The Up in Smoke Tour
The Up in Smoke Tour is a West Coast hip hop tour in 2000 featuring artists Ice Cube, Eminem, Proof, Snoop Dogg, Dr. Dre, Nate Dogg, Kurupt, D12, MC Ren, Westside Connection, Mel-Man, Tha Eastsidaz, Doggy's Angels, Devin The Dude, Warren G, TQ, Truth Hurts and Xzibit.
- Stars:Ice Cube, Eminem, Dr. Dre, Snoop Dogg, Soren Baker, Nate Dogg, Warren G., Howard Hertz, Kurupt, Mack 10, Proof, M.C. Ren, TQ, Shari Watson, WC,
- Director:Philip G. Atwell,
This is it! Your front row seat to the greatest hip hop experience ever captured on film. This is the ultimate back stage pass for your total pleasure. "Up In Smoke" is it and now you've got it all. Fire it up. . You can read more in Google, Youtube, Wiki
The Up in Smoke Tour torrent reviews
(us) wrote: Very emotional story wouldn't call it a horror but it was really good! I recommend.
(it) wrote: A really disappointing entry into the current indigenous resurgence in Australian cinema with this meandering, one eyed and overly convoluted film that really had the potential to be something magnificent. It's not to say that it's not entertaining - it is. But it just meanders along and with a sense of "in the know" film making, there were moments I felt distanced by the proceedings because I was watching scenes of conversations about topics I knew nothing about. The source of it's problems come from the editing - with sequences in Western Australia joined to sequences in the Northern Territory so seamlessly that, unless you are actually from there, you're going to get confused as to where the hell you are in the film. (That happened to me). Yes it has a great moral and contemporary ethical core to the film - the effects of alcohol on Indigenous Australlians - and it tackles it head on - but we've seen it before in EVERY SINGLE Aboriginal based film in current day outside of BRAN NUE DAE. It's not done badly at all - but this sincerely, could've been so so much more...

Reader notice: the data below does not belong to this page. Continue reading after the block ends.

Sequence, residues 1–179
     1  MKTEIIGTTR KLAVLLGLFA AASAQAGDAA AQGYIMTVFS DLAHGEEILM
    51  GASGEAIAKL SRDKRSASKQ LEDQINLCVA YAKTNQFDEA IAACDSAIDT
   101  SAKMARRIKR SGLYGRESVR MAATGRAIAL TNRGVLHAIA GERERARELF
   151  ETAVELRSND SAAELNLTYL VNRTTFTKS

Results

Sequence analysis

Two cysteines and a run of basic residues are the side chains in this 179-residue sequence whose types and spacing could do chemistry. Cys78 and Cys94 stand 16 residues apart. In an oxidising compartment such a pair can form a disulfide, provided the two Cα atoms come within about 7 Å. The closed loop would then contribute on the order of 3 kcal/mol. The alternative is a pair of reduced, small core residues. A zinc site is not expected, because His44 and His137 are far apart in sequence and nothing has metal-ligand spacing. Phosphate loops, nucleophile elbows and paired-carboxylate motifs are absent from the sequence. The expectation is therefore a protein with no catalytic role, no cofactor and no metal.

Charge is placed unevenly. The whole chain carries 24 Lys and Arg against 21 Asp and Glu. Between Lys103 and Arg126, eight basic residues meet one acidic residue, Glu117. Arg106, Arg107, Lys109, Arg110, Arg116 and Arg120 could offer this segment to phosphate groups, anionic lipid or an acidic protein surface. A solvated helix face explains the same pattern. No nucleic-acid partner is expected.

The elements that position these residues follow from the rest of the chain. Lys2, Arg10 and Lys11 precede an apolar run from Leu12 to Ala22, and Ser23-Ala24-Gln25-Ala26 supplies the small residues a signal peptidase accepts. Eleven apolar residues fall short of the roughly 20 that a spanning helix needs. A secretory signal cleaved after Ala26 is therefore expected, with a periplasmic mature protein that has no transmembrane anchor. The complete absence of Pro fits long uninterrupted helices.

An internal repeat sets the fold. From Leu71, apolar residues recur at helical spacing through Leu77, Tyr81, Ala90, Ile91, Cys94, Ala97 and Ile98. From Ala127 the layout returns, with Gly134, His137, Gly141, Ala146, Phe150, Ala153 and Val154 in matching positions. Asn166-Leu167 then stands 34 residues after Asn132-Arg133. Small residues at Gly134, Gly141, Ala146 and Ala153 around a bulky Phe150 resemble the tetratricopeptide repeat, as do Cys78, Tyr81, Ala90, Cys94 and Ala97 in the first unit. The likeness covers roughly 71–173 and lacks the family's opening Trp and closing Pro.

(ca) wrote: This movie had an honest enough premise. Chris Pine did a pretty good job of a blind young man who does his best to live a normal life. Because it was a romantic comedy, there were some unavoidably corny moments. I liked how this was one of those rare romantic comedies that wasn't obviously made for the ladies, I didn't feel totally out of place watching this like I do with most films of this genre. There were some funny moments here and there, having a blind protagonist allowed for some interesting scenes. The cast was well put-together, the performances were generally pretty nice. I liked how the plot was divided between the surgery and Danny's search for a girl. It was pretty cool seeing a white-Indian couple for once, that's pretty rare to see in movies. Still, James Keach didn't make this as dramatic as it could have been. I'm sure Christopher Theo had a much deeper feeling in mind when he wrote this, and Keach just did not deliver that seriousness.
(us) wrote: Mickey Rourke and Bruce Willis are awesome as always, even though the rest of the cast are mediocre at best! Love the noir tone, and the suspenseful moments kept me invested in the world of this graphic novel adaptation! The weakness of this movie, unfortunately, is the story, The Big Fat Kill. I didn't care about that group of hookers, and Rosario Dawson annoyed the crap out of me! And this is Jessica Alba's best film, though it's not saying much, since she's a horrible actress.